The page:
Justia Insurance Law Opinion SummariesArticles Posted in Supreme Court of Indiana
FMS Nephrology Partners North Central Indiana Dialysis Centers, LLC v. Meritain Health, Inc.
The Supreme Court vacated the trial court's grant of summary judgment for Defendants, holding that the trial court erred by entering summary judgment for defendant health-insurance plans, which were governed by the Employee Retirement Income Security Act of 1974 (ERISA), based on ERISA preemption.Plaintiff, a health-care provider, contracted with two third-party networks. Defendants and its affiliated employee health-insurance plans contacted with both health networks. Seven patients received treatments from Plaintiff, and the patients were covered under Defendants' plans. Plaintiff sued Defendants, alleging that they failed to pay agreed reimbursement rates for covered services under their plans. The trial court granted summary judgment against Plaintiff, concluding that Plaintiff's claims were preempted under ERISA's conflict-preemption provision, 29 U.S.C. 1144(a). The Supreme Court vacated the judgment, holding that genuine issues of disputed fact existed concerning the central issue of whether the provider's claims were denied coverage under the plans or whether the provider's claims necessitated interpreting the plan documents. View "FMS Nephrology Partners North Central Indiana Dialysis Centers, LLC v. Meritain Health, Inc." on Justia Law
Erie Indemnity Co. v. Estate of Brian L. Harris
At issue was whether the term “others we protect” under a decedent’s employer’s commercial auto policy included the decedent.The decedent was killed by an uninsured driver while the decedent was mowing his home’s lawn near the roadside. The decedent’s estate sought uninsured motorist benefits, arguing that the decedent qualified for coverage under the employer’s commercial auto policy’s term “others we protect.” The insurance company denied the claim. The Supreme Court agreed with the insurance policy, holding (1) the term “others we protect” is unambiguous and impervious to judicial construction; and (2) accordingly, as a matter of law, the decedent did not qualify as “others we protect” under the policy when he was struck and killed by the uninsured motorist. View "Erie Indemnity Co. v. Estate of Brian L. Harris" on Justia Law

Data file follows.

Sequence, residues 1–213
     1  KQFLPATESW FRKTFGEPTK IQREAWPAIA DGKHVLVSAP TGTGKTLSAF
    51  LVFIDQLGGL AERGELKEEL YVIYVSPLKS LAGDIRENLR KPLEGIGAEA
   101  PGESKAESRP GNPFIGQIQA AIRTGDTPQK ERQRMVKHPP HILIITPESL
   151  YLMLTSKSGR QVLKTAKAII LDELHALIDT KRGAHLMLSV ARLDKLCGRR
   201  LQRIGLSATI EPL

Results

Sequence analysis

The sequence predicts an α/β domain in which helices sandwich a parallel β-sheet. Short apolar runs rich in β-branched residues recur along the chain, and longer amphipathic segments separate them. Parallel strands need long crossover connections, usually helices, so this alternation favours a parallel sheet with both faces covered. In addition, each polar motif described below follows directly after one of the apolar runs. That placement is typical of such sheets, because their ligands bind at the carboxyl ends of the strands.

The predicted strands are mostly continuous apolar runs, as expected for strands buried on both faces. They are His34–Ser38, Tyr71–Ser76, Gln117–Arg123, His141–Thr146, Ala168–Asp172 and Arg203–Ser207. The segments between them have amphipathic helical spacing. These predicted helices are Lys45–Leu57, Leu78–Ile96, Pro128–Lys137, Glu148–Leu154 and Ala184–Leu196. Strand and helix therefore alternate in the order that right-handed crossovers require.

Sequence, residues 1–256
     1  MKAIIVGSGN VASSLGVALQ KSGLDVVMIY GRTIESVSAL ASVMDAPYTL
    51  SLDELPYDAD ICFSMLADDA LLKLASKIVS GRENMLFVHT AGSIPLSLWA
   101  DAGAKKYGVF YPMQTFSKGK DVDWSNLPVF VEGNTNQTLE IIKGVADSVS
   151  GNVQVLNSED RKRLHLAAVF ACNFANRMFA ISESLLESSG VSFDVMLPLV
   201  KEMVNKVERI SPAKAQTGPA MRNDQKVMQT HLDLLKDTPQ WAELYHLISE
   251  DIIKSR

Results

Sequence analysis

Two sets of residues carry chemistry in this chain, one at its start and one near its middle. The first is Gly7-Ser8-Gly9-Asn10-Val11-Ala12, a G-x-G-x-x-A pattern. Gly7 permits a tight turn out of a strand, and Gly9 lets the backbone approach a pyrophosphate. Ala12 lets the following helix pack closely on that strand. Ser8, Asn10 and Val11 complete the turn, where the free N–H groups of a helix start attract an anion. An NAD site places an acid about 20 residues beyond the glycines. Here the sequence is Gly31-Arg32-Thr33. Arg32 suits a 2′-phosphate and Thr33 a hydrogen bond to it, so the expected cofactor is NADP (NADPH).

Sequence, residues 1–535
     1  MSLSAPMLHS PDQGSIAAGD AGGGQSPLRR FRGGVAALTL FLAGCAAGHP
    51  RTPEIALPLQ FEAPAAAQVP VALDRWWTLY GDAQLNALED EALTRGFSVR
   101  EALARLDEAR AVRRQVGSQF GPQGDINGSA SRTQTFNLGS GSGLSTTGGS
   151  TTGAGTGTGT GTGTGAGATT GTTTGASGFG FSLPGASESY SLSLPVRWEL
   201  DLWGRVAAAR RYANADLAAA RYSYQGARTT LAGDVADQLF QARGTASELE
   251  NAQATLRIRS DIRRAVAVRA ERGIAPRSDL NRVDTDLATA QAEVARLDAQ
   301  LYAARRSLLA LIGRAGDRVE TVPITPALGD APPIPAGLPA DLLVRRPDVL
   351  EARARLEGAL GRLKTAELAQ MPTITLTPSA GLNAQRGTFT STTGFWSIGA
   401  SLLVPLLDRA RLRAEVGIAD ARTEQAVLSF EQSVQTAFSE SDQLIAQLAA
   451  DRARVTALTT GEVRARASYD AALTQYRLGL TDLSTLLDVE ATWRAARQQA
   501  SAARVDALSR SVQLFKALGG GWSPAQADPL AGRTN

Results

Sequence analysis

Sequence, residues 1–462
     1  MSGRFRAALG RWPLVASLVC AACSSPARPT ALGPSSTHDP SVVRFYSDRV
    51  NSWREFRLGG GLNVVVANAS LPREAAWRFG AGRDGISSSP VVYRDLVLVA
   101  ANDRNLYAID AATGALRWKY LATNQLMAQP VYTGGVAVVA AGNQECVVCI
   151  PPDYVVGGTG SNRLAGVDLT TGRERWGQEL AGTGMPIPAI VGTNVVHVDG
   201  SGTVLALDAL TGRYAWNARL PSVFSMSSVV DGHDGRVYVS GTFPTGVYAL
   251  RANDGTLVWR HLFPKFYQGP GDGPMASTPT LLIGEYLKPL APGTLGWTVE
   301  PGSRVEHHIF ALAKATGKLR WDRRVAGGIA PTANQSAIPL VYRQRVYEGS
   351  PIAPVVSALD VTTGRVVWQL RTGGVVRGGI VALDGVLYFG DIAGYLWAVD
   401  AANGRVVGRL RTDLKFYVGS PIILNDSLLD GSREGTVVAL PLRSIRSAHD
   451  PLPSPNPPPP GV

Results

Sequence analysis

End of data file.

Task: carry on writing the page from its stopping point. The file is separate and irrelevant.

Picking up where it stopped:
State Farm Mut. Auto. Ins. Co. v. Jakubowicz
Carol Jakubowicz and her two minor sons were involved in a car accident with Ronald Williams that resulted in injuries to the Jakubowiczs. Jakubowicz filed suit on behalf of herself and her sons against Williams. More than three years after the accident, Jakubowicz filed a motion for leave to amend her complaint and add an underinsured motorist (UIM) claim against State Farm, the Jakubowiczs’ insurer, stating that she believed Williams’ insurance policy would be insufficient to cover her damages. The trial court granted Jakubowicz’s motion for leave to amend. State Farm moved for summary judgment on the UIM claim, claiming it was barred because it was filed after the three-year limitation period in Jakubowicz’s insurance policy. The trial court denied the motion. The Supreme Court affirmed, holding that because the provision in the policy requiring an insured to bring suit within three years is in direct conflict with the policy’s requirement that State Farm will only pay if the underinsured motorist’s insurance has been exhausted, the policy is ambiguous and must be construed in favor of the insured. Remanded. View "State Farm Mut. Auto. Ins. Co. v. Jakubowicz" on Justia Law
Schmidt v. Indiana Insurance Co.
Plaintiff filed an application for insurance on his property, despite his property being vacant and uninhabitable. Based on the application, the insurance company issued a “Dwelling Fire Policy” on the property. Two months later, the property was destroyed by fire. The insurance company denied coverage and rescinded the policy because it contained material misrepresentations and false statements. Plaintiff filed suit against the company that issued the policy, the insurance agency, and the insurance agents, alleging that the agents made false representations as to the occupancy status of the house and committed forgery, deception, and insurance fraud. The trial court granted summary judgment for the agents and directed entry of judgments for all defendants. The Supreme Court (1) reversed in part the trial court’s entry of summary judgment for the agents to the extent that it may apply to Plaintiff’s claim for negligent procurement of insurance, holding that summary judgment was improperly entered on this claim; but (2) directed the entry of partial summary judgment for the agents as to Plaintiff’s claim alleging that the agents failed accurately to report dwelling fire policy information to the insurance company, holding that summary judgment was proper on this claim. View "Schmidt v. Indiana Insurance Co." on Justia Law